Is this the cost of our new scheduling strategy? Per the Twin Cities Pioneer Press:
Notre Dame and Baylor University are negotiating a football game for 2012. The Gophers tried to land a game with Notre Dame, too, athletics director Joel Maturi said.This is really disappointing. Here you've got a chance to set up a nice home-and-home series with a regional opponent we haven't seen since 1938. The upper midwest is fervent Irish territory, and we've opened some recruiting pipelines in the area as well. Plus, christening the Gophers' new stadium would be a unique honor. And yet, we can't, or won't, do it -- not in '09 for the new stadium, and not ever, apparently. Why not?
"We worked real hard to see if that could happen, but I don't think it will," said Maturi, a 1967 Notre Dame graduate. "I thought a game with Notre Dame would make sense because they (Irish) have worked so hard at recruiting this particular area.
"But the fact is that they regularly play Purdue, Michigan State, Michigan and next year Penn State. Right now, we're the odd man out."
Maturi said he has tried "on numerous occasions" to get Notre Dame on the Gophers' schedule.
"We would have preferred that they open our new stadium (in 2009)," he said. "But we would play them any time. I'm respectful that a lot of people want to play Notre Dame, but they're looking at a different schedule. Obviously, Texas is a significant recruiting area, which is also part of playing Baylor."
Last year Kevin White revealed that ND would be moving towards a new "7 home, 4 road, 1 neutral-site" model for all future schedules. Layered on top of this proposal are several strictures, either traditional or self-imposed:
- Maintaining our traditional series with Southern Cal and Navy
- Maintaining some sort of relationship with the Big 10, especially Michigan State and Purdue, and to a lesser extent, Michigan; probably at least 2 or 3 games per year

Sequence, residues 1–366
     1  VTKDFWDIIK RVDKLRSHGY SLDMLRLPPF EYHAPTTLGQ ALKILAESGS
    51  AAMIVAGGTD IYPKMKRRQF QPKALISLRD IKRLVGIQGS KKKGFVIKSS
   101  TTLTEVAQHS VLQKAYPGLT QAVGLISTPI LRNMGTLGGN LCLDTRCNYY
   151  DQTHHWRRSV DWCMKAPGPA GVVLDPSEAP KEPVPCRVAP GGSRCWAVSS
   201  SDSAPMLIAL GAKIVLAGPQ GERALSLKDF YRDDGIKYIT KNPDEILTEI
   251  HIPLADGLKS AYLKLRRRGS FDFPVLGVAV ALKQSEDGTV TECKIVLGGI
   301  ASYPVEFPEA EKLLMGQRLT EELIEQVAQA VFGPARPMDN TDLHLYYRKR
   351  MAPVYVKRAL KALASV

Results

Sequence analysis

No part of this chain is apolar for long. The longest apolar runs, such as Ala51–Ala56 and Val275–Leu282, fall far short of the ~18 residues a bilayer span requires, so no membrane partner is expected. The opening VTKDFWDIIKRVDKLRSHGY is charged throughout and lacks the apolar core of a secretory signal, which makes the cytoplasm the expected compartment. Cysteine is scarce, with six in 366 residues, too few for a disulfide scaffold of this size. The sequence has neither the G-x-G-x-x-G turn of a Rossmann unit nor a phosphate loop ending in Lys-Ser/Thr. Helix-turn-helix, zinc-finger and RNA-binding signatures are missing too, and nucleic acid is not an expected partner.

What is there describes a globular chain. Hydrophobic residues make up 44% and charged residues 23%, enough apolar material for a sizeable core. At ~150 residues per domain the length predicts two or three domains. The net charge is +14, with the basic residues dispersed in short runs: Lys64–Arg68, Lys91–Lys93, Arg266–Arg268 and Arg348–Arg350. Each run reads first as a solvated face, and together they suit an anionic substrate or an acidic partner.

- Increasing contact with the Big East, which goes to 3 games per year starting in '09, with Pitt as a mainstay of this relationship through 2016.
Here's a sample of what a two-year, 12-game schedule somewhere down the line would look like, given the current arrangements, and assuming we continue to play our traditional three Big 10 games:
|7-1-4 ||Year 1 ||Year 2|
|1. home ||Southern Cal ||Purdue|
|2. home||Navy ||Michigan|
|3. home||Michigan State ||Pitt (BE)|
|4. home||(Big East) ||(Big East)|
|5. home||} your basic Duke, |
Nevada, Baylor slots.
(i.e., "no heavyweights",
and no return date)
|8. neutral site |
|1. away ||Purdue ||Southern Cal|
|2. away||Michigan ||Navy|
|3. away||Pitt (BE)||Michigan State|
|4. away||(Big East)||(Big East)|
So your 4 away game slots are already full, along with most of your homes, and pretty soon all that's left is finding teams to fill out the home schedule. For those slots (and for the neutral site, which is another home game for all practical purposes) we can't have an interesting team like Minnesota, who would want a home-and-home; instead, we're looking for tomato cans who are more than happy to step into the ring and take a beating for a tidy fee, and who, most importantly, don't require a return game. (Many big name programs are already well down this road to candyland, and reaping the financial and competitive benefits of 8 home games against a slate of patsies). What we're talking about for ND are teams like Baylor, Army, Duke, SDSU, Nevada, and so forth. Nice for the 7-4-1 model, and healthy for the gravy train, but unfortunately it doesn't make for particularly scintillating football.
As you can see there's not much room for a home-and-home with the likes of Minnesota under this plan, and that's sad, because those interesting, non-traditional home-and-homes have always been hallmarks of the ND schedule. Think about the great road trips (and corresponding home matches) we've had against some of the more colorful names in college football, just in the past thirty years or so: UCLA, Penn State, Nebraska, Texas, Oklahoma, Ohio State, Florida State, Miami, South Carolina, Texas A&M, Georgia Tech, Maryland, Alabama, Tennessee, LSU, Washington, and Colorado, just to name a few.
Did you see the Irish play in Austin in 1996? How about in Neyland Stadium in '90 or '99? Were you there when Faust knocked off LSU in Baton Rouge in '84? Have you travelled to College Station, or Happy Valley? Are you heading to Pasadena this year?
Unless something changes, these kinds of games look to be rarer and rarer. And that's a cryin' shame.
I would like to have seen...Tuscaloosa.